Near-Death Romances


Brad Leithauser remembers the poetry of Robert Graves, whose feelings on love fueled much of his verse:

Graves was also an ex-soldier, and he documented his catastrophic experiences in the First World War in his celebrated memoir, “Goodbye to All That.” At the Battle of the Somme, where a shell fragment pierced his lung, he was officially reported dead. This was an experience that would be frequently repeated—or that he would repeat—in that other war, the one between men and women. In every romance, the time would come when he’d be abandoned or—much the same thing—the enchantment would fade, and he would undergo another near-death experience. His last decades are a little painful to contemplate.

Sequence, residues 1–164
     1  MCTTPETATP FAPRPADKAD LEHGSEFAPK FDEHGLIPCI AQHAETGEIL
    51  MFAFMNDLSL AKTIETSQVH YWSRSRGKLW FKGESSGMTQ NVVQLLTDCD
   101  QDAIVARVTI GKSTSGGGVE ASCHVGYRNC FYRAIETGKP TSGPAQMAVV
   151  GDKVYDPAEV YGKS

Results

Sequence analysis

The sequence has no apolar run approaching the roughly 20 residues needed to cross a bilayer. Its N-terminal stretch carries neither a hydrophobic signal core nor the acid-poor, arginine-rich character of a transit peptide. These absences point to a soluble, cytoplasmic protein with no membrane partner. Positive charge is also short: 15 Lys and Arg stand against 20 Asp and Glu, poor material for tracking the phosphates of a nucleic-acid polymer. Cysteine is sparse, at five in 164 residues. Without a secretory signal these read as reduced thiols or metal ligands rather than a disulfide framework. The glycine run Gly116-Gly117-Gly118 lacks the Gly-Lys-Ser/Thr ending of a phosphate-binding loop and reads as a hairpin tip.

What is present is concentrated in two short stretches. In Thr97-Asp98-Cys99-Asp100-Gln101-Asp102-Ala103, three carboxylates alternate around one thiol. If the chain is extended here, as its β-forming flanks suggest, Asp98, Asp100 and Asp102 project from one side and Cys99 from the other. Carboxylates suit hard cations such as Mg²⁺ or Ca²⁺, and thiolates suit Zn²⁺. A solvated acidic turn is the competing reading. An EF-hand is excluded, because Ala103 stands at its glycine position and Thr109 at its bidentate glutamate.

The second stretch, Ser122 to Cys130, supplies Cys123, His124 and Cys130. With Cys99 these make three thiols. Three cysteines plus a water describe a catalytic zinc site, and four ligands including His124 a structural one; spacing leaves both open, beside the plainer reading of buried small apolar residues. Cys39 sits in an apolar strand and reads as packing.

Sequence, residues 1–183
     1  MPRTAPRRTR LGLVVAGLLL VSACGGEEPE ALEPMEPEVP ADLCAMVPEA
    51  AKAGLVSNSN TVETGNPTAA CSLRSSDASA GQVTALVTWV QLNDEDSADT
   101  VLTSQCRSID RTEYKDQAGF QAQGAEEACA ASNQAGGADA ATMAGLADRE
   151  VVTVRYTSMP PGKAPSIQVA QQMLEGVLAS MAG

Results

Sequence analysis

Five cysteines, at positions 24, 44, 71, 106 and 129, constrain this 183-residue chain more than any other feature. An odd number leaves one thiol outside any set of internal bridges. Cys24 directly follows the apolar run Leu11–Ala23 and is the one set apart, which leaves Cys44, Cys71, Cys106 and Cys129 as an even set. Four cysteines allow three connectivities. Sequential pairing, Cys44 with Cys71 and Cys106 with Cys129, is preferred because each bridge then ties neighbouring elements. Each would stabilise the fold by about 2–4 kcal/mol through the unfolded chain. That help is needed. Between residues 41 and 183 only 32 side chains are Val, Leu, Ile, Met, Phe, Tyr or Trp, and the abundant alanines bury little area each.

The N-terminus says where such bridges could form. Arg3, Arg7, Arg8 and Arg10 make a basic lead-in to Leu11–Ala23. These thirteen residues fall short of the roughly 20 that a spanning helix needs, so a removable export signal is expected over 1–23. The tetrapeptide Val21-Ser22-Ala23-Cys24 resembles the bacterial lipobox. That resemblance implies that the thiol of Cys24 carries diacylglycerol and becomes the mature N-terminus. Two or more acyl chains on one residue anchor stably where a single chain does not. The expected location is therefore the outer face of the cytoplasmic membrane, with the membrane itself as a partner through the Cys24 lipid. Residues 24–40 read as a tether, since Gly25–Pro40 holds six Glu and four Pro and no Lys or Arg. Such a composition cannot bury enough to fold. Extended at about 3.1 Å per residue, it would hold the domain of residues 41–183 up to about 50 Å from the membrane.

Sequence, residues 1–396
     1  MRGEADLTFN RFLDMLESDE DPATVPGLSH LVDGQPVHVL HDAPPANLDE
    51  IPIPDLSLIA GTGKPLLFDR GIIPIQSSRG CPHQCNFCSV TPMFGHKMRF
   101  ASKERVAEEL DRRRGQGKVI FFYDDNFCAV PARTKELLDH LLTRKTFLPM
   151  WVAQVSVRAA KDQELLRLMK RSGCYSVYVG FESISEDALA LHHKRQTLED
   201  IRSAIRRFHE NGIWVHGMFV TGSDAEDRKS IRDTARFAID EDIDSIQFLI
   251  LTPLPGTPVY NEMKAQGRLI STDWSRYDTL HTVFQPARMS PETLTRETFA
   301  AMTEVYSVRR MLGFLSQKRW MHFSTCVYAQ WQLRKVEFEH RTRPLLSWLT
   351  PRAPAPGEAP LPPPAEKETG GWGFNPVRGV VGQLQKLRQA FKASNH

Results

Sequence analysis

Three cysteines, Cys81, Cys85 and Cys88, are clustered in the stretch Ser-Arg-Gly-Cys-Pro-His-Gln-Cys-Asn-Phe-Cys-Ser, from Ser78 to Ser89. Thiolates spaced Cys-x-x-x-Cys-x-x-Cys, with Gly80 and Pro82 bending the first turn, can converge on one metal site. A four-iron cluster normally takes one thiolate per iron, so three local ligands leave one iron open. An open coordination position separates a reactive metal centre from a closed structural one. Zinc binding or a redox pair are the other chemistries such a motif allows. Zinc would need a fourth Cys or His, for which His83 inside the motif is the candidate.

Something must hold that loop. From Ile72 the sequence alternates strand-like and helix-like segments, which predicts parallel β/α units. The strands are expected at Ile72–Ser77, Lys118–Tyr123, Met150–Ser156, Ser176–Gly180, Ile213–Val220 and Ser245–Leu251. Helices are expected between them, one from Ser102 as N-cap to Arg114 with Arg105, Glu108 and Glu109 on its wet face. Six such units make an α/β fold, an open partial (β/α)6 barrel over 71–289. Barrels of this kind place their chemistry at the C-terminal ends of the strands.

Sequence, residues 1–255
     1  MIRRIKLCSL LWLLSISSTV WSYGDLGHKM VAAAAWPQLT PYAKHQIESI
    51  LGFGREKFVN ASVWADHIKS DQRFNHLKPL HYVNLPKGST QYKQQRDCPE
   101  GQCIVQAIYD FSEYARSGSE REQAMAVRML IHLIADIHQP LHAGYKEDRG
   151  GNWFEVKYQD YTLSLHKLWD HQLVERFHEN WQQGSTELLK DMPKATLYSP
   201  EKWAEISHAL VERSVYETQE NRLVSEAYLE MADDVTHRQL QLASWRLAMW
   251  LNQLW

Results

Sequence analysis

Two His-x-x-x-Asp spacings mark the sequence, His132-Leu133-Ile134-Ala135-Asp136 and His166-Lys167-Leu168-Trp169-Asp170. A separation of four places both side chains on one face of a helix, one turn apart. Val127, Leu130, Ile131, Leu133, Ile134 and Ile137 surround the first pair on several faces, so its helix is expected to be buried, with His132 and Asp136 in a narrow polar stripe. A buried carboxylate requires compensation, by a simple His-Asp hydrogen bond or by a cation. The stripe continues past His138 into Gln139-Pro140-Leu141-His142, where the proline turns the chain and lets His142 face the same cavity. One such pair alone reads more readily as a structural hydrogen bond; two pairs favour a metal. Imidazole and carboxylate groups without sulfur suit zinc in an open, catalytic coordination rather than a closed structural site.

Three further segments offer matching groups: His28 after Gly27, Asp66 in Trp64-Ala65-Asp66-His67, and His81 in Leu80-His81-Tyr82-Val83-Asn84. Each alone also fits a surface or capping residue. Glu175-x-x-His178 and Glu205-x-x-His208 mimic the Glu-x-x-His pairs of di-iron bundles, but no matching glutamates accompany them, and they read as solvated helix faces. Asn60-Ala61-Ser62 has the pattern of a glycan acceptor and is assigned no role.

One of Graves’ poems, “Symptoms of Love”, is below:

Love is universal migraine,
A bright stain on the vision
Blotting out reason.

Symptoms of true love
Are leanness, jealousy,
Laggard dawns;

Are omens and nightmares –
Listening for a knock,
Waiting for a sign:

For a touch of her fingers
In a darkened room,
For a searching look.

Take courage, lover!
Could you endure such pain
At any hand but hers?

(Photo by Chip Harlan)